More than 3,100 students — nearly half of them athletes — enrolled in classes they didn't have to show up for and received artificially inflated grades in what an investigator called a "shadow curriculum" that lasted nearly two decades at the University of North Carolina. The report released Wednesday by former high-ranking U.S. Justice Department official Kenneth Wainstein found more far-reaching academic fraud than previous investigations. (Associated Press)

UNC report: Sham classes pushed

An report commissioned by UNC says school academic advisers steered athletes into sham classes over an 18-year period, but does not directly implicate coaches or athletic administrators in the scheme. The report, released Wednesday, says academic advisers in UNC's athletic department colluded with a manager in the African and Afro-American Studies department to take classes to boost their grade point averages and keep them eligible. (

Wainstein’s report into irregular classes released

The University of North Carolina at Chapel Hill on Wednesday announced the results of an independent investigation conducted by former federal prosecutor Kenneth Wainstein into past academic irregularities at Carolina and took immediate action to address the findings. Wednesday’s actions build on the reforms already undertaken in the years since first learning about the issues. (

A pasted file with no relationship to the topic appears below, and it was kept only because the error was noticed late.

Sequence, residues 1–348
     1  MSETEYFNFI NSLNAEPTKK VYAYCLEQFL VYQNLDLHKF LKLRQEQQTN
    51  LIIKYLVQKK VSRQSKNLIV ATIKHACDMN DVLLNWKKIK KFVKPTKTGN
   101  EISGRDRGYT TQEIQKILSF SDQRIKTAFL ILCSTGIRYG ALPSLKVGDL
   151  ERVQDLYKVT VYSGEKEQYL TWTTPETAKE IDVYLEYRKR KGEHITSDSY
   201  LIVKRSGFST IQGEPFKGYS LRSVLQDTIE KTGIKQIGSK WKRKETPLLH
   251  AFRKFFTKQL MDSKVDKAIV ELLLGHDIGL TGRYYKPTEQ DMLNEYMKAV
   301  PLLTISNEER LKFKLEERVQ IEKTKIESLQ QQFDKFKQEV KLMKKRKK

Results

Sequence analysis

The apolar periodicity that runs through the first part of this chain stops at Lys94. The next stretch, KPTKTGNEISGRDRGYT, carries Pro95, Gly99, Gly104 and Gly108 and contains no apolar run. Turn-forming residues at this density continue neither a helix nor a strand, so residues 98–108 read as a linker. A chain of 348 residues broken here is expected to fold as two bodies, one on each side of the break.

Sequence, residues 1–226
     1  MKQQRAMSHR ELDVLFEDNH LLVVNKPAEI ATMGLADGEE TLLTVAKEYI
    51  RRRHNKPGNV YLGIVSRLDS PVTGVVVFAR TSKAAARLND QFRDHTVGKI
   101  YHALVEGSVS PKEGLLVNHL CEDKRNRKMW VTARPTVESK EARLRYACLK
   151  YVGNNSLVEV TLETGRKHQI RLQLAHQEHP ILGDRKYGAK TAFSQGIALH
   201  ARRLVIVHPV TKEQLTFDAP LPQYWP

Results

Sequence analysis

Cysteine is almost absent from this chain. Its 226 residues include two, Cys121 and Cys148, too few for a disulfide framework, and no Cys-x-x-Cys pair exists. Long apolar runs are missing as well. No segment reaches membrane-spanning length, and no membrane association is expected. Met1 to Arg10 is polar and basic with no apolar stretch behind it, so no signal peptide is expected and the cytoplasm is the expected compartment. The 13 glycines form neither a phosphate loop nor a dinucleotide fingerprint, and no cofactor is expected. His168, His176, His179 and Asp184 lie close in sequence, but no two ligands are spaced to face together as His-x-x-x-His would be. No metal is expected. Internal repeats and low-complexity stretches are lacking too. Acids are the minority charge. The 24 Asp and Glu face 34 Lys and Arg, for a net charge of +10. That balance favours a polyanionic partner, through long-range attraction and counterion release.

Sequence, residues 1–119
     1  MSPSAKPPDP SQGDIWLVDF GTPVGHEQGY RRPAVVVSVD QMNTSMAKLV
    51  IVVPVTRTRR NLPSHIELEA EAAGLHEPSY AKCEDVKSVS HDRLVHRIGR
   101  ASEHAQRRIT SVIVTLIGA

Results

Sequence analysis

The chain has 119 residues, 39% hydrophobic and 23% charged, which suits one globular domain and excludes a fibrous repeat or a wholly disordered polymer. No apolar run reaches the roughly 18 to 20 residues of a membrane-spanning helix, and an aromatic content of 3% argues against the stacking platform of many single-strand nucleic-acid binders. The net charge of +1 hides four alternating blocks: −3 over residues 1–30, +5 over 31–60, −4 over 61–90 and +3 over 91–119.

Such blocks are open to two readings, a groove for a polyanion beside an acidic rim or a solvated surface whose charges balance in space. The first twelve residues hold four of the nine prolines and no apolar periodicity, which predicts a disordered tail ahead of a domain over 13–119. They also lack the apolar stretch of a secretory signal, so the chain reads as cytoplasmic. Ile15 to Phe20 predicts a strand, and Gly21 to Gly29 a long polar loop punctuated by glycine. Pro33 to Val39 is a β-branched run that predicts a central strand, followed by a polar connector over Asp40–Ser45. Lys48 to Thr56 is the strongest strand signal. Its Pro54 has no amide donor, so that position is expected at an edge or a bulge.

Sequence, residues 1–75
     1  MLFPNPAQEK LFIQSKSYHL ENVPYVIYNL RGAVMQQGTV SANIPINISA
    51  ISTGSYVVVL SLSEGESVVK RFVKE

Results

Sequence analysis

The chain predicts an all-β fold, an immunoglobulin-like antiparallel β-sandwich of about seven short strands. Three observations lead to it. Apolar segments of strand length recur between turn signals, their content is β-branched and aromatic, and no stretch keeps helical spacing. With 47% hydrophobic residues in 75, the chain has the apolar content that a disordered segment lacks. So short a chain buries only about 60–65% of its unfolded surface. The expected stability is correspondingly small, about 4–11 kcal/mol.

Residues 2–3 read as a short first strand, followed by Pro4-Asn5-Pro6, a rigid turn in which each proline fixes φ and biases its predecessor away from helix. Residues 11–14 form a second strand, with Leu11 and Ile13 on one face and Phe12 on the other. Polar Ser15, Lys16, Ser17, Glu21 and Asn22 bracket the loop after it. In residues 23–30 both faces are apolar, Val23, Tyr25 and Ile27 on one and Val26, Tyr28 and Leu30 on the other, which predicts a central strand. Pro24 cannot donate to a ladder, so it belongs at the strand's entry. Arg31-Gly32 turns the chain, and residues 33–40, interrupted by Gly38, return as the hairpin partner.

Wainstein Report Primer

Kenneth L. Wainstein is a former Department of Justice attorney now in private practice for a firm in Washington, DC. He has a long history of conducting various internal investigations at corporations. Prior to starting his probe into UNC's academic scandal, Wainstein investigated whether NCAA Enforcement officials acted improperly during the Miami football violations case. (Tar Heel Blog)

Bethel: Mary Willingham's "Literacy before Legacy" Campaign

Monday Mary Willingham launched "Literacy before Legacy," a campaign to raise $120,000 to establish a literacy program for college athletes. Furthermore, she hopes to begin the program in January 2015, less than three months from now, though she has offered no details on how the program would be structured or who would be part of her "team of experts." (Coaching the Mind)